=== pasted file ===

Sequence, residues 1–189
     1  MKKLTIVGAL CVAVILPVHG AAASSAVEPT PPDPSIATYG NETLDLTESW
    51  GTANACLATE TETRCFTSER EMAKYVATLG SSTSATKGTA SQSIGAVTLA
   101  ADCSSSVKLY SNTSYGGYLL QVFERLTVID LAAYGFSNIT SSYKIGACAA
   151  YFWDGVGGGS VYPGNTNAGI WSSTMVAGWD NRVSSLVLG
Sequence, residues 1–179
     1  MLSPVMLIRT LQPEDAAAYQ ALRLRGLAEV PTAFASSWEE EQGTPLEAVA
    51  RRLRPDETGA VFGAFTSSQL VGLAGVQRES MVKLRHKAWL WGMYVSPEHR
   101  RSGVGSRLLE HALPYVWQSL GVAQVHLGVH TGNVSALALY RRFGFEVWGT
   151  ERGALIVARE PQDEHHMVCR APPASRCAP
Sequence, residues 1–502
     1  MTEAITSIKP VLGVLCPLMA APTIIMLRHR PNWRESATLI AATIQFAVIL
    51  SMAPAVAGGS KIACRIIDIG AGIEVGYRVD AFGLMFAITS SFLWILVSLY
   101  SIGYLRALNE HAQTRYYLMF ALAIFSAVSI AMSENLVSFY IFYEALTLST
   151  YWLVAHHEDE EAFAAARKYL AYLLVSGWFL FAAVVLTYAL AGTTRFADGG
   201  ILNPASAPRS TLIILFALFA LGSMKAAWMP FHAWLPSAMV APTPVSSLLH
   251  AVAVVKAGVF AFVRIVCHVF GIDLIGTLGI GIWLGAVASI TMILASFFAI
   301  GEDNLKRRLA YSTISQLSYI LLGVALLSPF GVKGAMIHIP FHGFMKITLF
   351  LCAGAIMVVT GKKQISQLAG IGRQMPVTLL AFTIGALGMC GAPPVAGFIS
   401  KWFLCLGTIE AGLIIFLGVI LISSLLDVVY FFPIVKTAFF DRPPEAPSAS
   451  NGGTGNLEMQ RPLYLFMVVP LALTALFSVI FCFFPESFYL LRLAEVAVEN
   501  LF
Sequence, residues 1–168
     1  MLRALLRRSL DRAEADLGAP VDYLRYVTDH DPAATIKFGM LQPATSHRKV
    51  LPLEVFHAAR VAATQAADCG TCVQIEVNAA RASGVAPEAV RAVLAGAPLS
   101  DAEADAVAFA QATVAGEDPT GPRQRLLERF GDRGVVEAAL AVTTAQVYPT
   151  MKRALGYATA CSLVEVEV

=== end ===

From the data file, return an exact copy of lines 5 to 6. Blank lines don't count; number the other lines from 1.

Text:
   151  YFWDGVGGGS VYPGNTNAGI WSSTMVAGWD NRVSSLVLG
Sequence, residues 1–179